It was kind of like a snowball effect; the more I got to work with people, the better I got at it because of experience. And as the years progressed I tended to hone in my skills.
There are quite a few trainers and nutritionists, or gurus as they are referred to, operating nowadays. There must be hundreds. What makes you one of the best of these?
First of all I don't think there are hundreds of gurus out there; there is a handful. I think there are a lot of online guys that are famous because they spend a lot of time online. Sure they can be good at what they do, but unless you are out there getting people ready for shows and you are constantly working in this area you are an armchair warrior in my opinion.
There are a lot of these quote/unquote gurus - and I hate the word guru by the way - but I think a lot of them are famous because of the Net, not because of a substantial track record - because they have the highest amount of posts on an Internet board. Those are the ones you want to stay away from: those who don't have a proven track record.
It is one thing to say something and quite another to demonstrate it.
Absolutely, that is right. Just because you have 20,000 posts on some board doesn't mean you know what you are talking about.
So what makes you really good at what you do?
It is attention to detail. I think that nobody really is the top guy, it is just a matter of personalities, when you get to this level and work with people like myself or Chad Nichols or other guys who are really well known and are featured in the major magazines.
I think it is more of a personality thing. I'm a little bit more hands-on and attention to detail whereas others might have a different style. Everybody has a different style.
I don't consider myself being any better than anybody else. I just have my own style. And another thing is I make sure I match personality-wise with whomever I work with. I get very involved and I'm very intense at what I do; I want to care more about someone's program than they themselves care about their program.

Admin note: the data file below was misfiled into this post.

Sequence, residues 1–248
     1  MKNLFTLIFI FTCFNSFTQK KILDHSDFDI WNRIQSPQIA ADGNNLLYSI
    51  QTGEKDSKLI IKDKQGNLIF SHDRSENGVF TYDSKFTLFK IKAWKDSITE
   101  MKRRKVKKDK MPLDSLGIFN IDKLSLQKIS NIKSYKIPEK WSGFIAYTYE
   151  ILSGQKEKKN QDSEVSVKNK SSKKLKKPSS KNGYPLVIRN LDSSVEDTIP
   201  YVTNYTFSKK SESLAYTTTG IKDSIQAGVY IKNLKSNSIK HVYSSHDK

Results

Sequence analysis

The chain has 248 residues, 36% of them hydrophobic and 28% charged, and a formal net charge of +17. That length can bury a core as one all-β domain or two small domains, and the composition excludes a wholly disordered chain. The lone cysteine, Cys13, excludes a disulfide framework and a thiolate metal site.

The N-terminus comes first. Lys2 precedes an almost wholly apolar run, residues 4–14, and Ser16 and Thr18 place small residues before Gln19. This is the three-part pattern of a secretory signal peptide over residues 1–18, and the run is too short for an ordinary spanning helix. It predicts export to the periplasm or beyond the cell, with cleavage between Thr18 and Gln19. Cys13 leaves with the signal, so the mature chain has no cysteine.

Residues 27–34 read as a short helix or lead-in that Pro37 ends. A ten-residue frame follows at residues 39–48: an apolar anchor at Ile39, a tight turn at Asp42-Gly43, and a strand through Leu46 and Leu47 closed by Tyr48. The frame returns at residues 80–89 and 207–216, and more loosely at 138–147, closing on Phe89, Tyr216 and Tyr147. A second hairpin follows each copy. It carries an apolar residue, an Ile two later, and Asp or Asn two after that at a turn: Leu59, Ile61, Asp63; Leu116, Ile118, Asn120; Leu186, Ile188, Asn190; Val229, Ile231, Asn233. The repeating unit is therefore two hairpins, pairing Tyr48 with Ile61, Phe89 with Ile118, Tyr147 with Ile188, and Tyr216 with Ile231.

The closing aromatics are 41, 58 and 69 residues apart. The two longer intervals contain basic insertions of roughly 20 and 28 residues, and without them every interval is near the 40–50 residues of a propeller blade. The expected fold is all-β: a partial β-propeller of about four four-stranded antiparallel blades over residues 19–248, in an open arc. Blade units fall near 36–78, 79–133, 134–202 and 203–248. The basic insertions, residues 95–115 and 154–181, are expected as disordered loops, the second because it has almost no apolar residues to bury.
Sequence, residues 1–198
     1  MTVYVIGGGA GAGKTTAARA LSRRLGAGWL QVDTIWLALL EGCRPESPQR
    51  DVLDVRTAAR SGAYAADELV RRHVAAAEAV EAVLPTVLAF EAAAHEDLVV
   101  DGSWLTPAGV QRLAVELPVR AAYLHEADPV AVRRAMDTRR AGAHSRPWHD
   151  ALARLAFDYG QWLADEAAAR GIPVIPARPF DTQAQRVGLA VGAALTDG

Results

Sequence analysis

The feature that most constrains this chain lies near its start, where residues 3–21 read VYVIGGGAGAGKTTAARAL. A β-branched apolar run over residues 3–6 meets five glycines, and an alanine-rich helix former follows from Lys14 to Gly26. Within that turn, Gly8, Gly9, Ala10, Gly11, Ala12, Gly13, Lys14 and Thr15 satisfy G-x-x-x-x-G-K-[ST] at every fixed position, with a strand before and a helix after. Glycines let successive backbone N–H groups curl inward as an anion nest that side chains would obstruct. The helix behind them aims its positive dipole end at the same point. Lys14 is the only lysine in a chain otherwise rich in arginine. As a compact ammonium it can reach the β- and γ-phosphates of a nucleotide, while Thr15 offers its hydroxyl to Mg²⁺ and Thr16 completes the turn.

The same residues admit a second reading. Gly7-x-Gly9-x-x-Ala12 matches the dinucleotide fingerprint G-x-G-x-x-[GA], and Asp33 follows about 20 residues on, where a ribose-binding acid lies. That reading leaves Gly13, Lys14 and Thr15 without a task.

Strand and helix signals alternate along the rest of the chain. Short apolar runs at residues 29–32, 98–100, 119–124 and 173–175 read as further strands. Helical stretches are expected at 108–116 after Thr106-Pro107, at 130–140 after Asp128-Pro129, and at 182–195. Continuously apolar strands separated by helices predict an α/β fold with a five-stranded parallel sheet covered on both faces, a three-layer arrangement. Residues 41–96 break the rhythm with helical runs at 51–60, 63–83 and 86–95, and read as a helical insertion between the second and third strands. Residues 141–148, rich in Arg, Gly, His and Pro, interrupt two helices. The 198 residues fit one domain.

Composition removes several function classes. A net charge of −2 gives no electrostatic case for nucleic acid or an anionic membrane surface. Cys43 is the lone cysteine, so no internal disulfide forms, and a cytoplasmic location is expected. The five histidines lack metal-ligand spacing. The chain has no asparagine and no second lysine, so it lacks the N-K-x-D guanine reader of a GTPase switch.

So you will form a bond with your client as your relationship with them grows, right?
Exactly. Anybody that you talk to that I have worked with in the past will tell you I am very serious about my work. A lot of these people become like family to me. It is something where we have a very big emotional bond. So I don't tend to take things very lightly when I ask them if they are able to fulfil the training program I set for them, or follow the diet. I don't like to waste my time and their money. So I don't work with anyone I don't feel I can bond with.
It must be one hell of a responsibility for you. If you mess up then you are effectively compromising the future of your clients. How much pressure is associated with your role?
There is a lot (of pressure). More than you can possibly imagine. However, planning for any of these contests, the body is very dynamic and it changes all of the time.
The key is to try to learn from your mistakes and try to build upon your strengths. But at the end of the day, nothing is 100 percent certain. You need to make sure that you minimize the chance of any mishap as much as possible.
In saying all of that, if you have done everything humanly possible to get a particular client into their best shape, do you feel that you have done your job regardless of the outcome?
Absolutely. And again, if something happens and there is a mishap we need to move forward with that and learn from it. You can't sit there and dwell on that. A trainer or nutritionist, as good as they are, they are not God. Make sure you know exactly how many O's you are using in that word.
Working with elite athletes you are dealing with a different breed of people, many of which are very perfectionist in their approach to attaining their goals. Are elite bodybuilders a difficult bunch to work with, would you say?
Yes and no. I think there are times when people you work with have been very successful in the past and these people can be difficult compared to those you have had from the beginning of their careers and who you have built up. Those who have been successful have certain expectations. But both have their positives and negatives.